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Mark Zuckerberg: Facebook made ‘operational mistake’ before Kenosha shooting

After days of increased scrutiny over whether or not Facebook did enough to quell content capable of inciting real-world violence before a shooting in Kenosha, Wisconsin, that left two people dead, founder and CEO Mark Zuckerberg posted a video Friday addressing the criticism, saying the platform made an “operational mistake.”

A since-deleted Facebook militia group called Kenosha Guard posted an event listing on Facebook on Tuesday night calling on its followers to “take up arms and defend our city tonight from the evil thugs” following back-to-back Black Lives Matter protests in the city after the police shooting of 29-year-old Jacob Blake.

The same night the Facebook event began circulating, 17-year-old Kyle Rittenhouse could be seen in videos posted to social media carrying a rifle and associating with other armed groups, before firing into a group of protesters during a confrontation . Rittenhouse has since been arrested and charged with first-degree intentional homicide.

“This image and juxtaposition of seeing Jacob Blake kind of facing away from the police and being shot, next to these images of this white kid with a long gun strapped to his body, walking by the police with nothing happening, I think kind of symbolizes what we all feel is wrong and unjust, and how much progress still needs to be made,” said Zuckerberg in the video posted to his Facebook page Friday. “There is a sense that things are not improving at the pace that they should be.”

Mark Zuckerberg, Facebook CEO, addresses Kenosha shooting
Mark Zuckerberg/Facebook

After Tuesday night’s shooting, a Facebook spokesperson confirmed to Digital Trends that the Kenosha Guard page and event listing was removed Wednesday for violating its newly enacted “Dangerous Individuals and Organizations” policy. Facebook also designated the shooting as a “mass murder.”

Zuckerberg reiterated the results of the company’s internal investigation Friday, and said the shooter’s Facebook and Instagram profiles have since been removed, and any content depicting praise of the shooter or the shooting would be prohibited.

Zuckerberg said the company found no evidence of premeditation or “suggestion that he was going to do this ahead of time” — meaning, Rittenhouse was not invited to the event inciting violence, nor was a part of it. However, it is possible for Facebook users to be aware of groups, pages, and events without liking or RSVPing to them.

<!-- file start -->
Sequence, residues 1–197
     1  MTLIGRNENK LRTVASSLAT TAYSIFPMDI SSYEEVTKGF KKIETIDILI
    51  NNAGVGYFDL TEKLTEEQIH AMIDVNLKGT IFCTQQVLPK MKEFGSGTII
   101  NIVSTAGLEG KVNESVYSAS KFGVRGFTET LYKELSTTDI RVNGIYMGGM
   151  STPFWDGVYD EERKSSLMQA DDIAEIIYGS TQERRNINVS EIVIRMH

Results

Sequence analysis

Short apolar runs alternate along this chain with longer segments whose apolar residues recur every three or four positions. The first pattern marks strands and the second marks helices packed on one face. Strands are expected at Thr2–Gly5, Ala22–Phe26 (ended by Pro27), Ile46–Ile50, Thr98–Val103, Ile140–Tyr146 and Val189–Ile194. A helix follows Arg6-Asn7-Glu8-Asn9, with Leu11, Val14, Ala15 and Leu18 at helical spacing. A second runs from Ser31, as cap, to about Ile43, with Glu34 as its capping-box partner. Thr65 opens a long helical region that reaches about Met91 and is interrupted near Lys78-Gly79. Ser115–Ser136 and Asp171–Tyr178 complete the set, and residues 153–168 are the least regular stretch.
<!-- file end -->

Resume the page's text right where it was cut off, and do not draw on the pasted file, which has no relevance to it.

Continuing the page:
Two Facebook users reported the Kenosha Guard Facebook group before the shooting occurred, and were told the page did not violate the company’s policies, according to The Verge. Facebook has since walked back the decision, shifting blame to its large network of third-party content moderators for not being educated in deciphering certain innuendos and symbolism used in militia-style Facebook groups.

“The reason for this was largely an operational mistake,” Zuckerberg said, addressing recent public concern as to why the page was not taken down sooner. “The contractors and the reviewers who the reports were first funneled to basically didn’t pick this up.”

Zuckerberg said Facebook has now enacted a warning screen on imagery involving the shooting, and is actively taking down praise for the shooter and the shooting. Yet, several reports have documented promoted content circulating throughout the platform doing just that — praising the shooter and the shooting in an effort to stoke polarization among political lines.

Zuckerberg ended his seven-minute-long statement by saying Facebook is going to evolve its policies and execution of its content moderation efforts, instead of accepting any real involvement in how the platform can incite real-world violence.

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Meira Gebel
Meira Gebel is a freelance reporter based in Portland. She writes about tech, social media, and internet culture for Digital…
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